It was a bad day for Spain when Philip allowed the "Holy Office" to throw Thomas Seeley, the Bristol merchant, into a dungeon for knocking down a Spaniard who had uttered foul slanders against the Virgin Monarch of England. Philip did not heed the petition of the patriot's wife, of which he must have been cognisant. Elizabeth refused the commission Dorothy Seeley petitioned for, but, like a sensible lady, she allowed her subjects to initiate their own methods of revenge. Subsequent events show that she had no small share in the introduction of a policy that was ultimately to sweep the Spaniards off the seas, and give Britain the supremacy over all those demesnes. This was the beginning of a distinguished partnership composed of Messieurs John Hawkins and his kinsman Francis Drake, and of Elizabeth their Queen. Elizabeth did not openly avow herself one of the partners; she would have indignantly denied it had it been hinted at; yet it is pretty certain that the cruises of her faithful Hawkins and Drake substantially increased her wealth, while they diminished that of Spanish Philip and that of his subjects too. Long before the Armada appeared resplendent in English waters, commanded by that hopeless, blithering landlubber, the Duke of Medina Sidonia, who with other sons of Spain was sent forth to fight against Britain for "Christ and our Lady," there had been trained here a race of dare-devil seamen who knew no fear, and who broke and vanquished what was reckoned, till then, the finest body of sailors in the whole world. That our sailors have maintained the reputation achieved in the destruction of the great Spanish Armada is sometimes disputed. I am one of those who trust that British seamen would be worthy of British traditions were they even now put to the test by some powerful invader. To suppose that the men who smothered the Armada, or those who broke the fleets of Spain and France at Trafalgar, were more courageous than those of our day would be found in similar circumstances, is arrant folly. In smaller things we can see the same sterling qualities shown by members of our Navy now as their forebears exhibited of old. The impressive yet half comic character of the religion that guided the lives of seamen during Drake's time has been faithfully handed down like an heirloom to the genuine old salt of our own time.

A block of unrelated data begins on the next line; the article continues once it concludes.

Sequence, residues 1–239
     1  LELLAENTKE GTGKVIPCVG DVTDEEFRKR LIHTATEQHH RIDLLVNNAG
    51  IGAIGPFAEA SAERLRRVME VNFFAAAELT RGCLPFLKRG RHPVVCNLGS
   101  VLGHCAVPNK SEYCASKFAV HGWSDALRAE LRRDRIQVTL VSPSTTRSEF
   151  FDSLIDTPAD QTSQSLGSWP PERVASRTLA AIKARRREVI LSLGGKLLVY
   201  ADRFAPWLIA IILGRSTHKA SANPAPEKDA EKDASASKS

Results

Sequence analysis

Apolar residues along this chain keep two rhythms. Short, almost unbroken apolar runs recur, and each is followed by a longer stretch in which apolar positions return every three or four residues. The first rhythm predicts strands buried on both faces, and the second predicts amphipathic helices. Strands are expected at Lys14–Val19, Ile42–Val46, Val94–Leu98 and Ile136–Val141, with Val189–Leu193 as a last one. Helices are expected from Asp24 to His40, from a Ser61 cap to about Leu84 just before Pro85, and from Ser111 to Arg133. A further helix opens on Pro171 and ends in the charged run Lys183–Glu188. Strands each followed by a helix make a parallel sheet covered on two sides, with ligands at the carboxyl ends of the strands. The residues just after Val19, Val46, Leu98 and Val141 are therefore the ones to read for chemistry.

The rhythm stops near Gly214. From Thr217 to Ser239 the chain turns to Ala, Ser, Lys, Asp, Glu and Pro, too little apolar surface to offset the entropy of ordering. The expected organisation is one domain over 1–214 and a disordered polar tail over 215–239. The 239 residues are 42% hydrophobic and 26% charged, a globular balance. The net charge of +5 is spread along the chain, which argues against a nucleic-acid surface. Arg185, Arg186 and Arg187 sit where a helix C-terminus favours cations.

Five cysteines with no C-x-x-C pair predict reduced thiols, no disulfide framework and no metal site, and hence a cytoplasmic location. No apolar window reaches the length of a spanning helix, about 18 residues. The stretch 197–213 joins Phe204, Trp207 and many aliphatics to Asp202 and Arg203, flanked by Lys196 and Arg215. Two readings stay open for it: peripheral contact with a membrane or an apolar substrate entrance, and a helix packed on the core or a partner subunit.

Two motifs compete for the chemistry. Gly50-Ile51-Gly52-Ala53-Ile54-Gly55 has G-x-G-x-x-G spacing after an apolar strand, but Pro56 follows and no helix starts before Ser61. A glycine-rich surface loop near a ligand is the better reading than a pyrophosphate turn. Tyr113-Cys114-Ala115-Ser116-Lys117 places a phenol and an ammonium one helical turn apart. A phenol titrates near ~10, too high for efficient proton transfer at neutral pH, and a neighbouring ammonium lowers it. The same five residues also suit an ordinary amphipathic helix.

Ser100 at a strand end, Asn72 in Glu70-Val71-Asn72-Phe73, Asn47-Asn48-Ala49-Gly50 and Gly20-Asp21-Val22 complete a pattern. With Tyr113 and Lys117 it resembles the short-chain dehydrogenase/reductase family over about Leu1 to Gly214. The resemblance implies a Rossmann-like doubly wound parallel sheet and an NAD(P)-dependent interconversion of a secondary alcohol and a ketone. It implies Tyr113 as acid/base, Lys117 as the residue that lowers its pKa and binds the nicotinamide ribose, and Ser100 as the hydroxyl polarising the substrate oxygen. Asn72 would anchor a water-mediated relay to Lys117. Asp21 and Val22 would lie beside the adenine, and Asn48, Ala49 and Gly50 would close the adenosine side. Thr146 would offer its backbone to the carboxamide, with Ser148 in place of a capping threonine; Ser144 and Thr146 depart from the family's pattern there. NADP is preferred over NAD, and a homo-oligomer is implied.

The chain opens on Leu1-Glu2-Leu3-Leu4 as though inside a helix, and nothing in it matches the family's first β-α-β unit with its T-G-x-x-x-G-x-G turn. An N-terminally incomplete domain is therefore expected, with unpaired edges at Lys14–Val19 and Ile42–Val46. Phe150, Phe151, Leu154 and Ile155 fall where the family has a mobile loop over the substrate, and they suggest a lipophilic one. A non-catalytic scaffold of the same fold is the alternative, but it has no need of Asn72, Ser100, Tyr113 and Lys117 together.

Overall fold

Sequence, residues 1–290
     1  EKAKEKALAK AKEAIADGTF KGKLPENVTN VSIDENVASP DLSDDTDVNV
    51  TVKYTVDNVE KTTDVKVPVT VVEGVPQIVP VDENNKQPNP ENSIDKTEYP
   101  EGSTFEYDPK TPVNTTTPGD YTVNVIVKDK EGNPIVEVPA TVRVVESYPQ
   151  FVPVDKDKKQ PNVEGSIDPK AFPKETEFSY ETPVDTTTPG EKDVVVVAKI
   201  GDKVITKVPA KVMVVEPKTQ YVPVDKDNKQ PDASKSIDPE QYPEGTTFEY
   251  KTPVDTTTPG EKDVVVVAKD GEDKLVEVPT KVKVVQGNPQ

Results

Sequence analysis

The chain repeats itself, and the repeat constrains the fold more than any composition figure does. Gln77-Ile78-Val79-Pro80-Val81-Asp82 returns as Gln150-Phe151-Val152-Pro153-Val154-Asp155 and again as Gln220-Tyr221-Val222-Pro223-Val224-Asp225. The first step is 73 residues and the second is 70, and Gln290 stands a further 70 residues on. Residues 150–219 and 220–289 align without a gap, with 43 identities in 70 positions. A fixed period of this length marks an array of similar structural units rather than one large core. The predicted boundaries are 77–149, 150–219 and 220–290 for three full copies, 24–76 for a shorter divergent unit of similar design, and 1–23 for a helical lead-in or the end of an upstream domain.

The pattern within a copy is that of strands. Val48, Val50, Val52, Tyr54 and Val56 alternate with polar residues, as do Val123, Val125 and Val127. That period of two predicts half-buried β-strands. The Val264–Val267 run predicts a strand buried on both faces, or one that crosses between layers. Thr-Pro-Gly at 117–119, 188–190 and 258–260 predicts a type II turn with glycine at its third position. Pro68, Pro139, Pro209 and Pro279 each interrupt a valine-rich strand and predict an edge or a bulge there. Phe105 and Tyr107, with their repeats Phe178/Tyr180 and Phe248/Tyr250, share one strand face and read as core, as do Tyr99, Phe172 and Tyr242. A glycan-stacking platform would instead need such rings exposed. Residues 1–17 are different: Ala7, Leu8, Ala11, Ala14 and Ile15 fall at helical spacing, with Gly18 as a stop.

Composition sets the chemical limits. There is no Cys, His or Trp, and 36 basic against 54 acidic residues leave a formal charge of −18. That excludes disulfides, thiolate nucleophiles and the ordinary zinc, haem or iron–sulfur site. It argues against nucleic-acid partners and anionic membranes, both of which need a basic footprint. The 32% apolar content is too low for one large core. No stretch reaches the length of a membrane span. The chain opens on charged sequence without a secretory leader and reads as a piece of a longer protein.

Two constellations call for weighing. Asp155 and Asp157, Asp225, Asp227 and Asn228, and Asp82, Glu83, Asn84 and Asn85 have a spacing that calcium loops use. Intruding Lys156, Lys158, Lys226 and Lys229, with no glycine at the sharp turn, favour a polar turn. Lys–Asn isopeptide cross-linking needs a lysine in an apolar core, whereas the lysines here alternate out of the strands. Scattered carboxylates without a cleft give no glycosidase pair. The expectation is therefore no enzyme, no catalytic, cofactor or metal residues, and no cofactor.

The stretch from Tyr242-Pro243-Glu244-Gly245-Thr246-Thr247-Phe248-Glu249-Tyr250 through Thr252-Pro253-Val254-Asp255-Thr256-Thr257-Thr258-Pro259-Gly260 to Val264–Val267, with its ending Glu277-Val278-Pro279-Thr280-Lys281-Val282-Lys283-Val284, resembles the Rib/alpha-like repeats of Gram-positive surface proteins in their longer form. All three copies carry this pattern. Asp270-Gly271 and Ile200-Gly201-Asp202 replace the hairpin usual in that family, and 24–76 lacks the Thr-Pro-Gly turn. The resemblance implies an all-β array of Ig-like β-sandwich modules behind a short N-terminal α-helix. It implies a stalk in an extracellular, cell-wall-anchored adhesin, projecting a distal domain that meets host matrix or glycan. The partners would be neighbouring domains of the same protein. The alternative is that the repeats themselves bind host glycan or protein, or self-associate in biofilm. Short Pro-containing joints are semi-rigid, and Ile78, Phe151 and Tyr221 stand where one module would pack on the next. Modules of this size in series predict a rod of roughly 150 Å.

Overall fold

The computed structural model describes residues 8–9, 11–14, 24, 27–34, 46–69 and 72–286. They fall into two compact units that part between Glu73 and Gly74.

The great Admiral had inconsistencies of character, and conduct that would seem to live on in more or less elevated examples up till now. He conducted himself in regal style on his long voyages, dressing in an imposing way for dinner, during which he commanded fine music to be played—for at that day England was the home par excellence of music—and no food was eaten at his table until the blessing of the Almighty had been asked upon it, and "thanks" was solemnly offered ere rising. The Holy Sacrament was partaken by him with Doughty the Spanish spy. The latter, after being kissed by Drake, was then made to lay his head on the block, and thereafter no more was heard of him....